One in four millennials doesn't expect to receive any Social Security benefits in retirement.
But if one of the most popular federal programs does survive in its current form—and that is a big if—the average millennial married couple could actually receive nearly double the average Social Security benefits that current retirees collect, according to a new analysis by the Urban Institute.
Here's the breakdown: In 1960, a married couple in which each spouse earned average wages over a career beginning at age 22 and retired on his or her 65th birthday would receive about $300,000 in health and retirement benefits.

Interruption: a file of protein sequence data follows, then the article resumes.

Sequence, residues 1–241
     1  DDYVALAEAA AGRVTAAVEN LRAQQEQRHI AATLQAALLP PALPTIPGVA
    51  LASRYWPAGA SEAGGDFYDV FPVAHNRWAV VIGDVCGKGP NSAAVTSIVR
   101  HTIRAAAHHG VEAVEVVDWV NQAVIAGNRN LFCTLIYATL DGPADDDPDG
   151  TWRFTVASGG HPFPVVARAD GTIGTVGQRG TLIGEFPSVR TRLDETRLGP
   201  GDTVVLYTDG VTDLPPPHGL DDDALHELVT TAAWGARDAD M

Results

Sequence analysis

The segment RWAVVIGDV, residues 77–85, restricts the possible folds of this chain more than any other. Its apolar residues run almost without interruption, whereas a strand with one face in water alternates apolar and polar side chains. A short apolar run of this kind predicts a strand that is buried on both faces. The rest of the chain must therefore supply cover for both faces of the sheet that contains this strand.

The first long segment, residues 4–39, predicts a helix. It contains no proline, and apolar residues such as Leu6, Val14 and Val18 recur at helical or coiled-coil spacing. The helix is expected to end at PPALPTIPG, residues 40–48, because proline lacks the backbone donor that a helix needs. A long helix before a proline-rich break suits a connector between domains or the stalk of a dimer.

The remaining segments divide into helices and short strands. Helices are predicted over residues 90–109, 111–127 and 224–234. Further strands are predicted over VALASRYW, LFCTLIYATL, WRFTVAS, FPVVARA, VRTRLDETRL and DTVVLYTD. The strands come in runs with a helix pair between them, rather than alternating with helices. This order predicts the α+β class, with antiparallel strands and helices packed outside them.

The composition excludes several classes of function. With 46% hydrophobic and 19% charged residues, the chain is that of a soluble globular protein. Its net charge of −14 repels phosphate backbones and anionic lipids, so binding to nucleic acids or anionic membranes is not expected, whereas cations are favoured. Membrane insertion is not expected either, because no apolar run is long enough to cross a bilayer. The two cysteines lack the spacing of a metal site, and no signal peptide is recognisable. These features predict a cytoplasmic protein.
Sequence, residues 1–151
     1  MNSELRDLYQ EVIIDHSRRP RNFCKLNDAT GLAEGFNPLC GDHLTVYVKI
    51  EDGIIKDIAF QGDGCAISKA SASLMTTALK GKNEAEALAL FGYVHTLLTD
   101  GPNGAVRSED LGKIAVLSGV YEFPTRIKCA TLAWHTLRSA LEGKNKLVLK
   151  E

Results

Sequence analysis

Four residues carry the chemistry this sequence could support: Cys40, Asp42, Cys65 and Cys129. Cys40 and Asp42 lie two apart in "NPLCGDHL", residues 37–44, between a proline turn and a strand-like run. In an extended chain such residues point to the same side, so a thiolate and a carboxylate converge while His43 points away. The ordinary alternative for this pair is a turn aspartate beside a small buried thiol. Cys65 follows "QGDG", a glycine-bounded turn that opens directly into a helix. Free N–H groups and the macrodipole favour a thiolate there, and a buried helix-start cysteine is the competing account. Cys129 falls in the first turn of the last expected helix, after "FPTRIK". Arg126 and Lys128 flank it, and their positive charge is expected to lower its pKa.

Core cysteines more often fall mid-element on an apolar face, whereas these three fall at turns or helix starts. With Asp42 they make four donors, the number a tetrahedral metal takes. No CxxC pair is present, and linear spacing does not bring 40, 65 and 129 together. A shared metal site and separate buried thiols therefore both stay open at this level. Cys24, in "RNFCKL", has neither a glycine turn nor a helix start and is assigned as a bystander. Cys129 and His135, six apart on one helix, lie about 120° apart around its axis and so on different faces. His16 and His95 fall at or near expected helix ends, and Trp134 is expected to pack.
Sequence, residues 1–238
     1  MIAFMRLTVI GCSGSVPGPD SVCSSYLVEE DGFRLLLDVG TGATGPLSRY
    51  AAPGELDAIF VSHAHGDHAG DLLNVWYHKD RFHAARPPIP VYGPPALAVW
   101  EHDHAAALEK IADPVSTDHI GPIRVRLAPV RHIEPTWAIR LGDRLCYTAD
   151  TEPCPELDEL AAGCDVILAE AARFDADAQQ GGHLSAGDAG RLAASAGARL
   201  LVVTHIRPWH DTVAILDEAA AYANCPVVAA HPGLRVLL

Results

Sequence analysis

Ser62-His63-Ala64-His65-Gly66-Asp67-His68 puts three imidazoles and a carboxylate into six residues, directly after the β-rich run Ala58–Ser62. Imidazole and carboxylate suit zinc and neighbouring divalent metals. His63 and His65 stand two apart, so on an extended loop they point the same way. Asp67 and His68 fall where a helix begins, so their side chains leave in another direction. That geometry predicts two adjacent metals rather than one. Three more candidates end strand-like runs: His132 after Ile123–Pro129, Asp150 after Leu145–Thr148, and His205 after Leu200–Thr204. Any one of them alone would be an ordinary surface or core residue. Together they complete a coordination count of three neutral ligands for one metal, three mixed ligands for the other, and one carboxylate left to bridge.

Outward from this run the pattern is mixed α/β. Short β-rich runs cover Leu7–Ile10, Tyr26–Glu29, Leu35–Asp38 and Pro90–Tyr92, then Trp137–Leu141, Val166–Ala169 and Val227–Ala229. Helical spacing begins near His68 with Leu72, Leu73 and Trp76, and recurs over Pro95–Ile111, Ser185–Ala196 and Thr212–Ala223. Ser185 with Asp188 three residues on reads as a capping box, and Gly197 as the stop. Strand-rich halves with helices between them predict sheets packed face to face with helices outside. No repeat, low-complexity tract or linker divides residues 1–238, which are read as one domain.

Today, that figure is more than $1 million in health and retirement benefits from Social Security and Medicare. The expected benefits in 2050 for a couple in which both partners are 30 years old today, earn an average annual wage of $49,000 and expect to start collecting at age 65 are scheduled to rise under current law to nearly $2 million adjusted for inflation, the Urban Institute found. (See chart below.)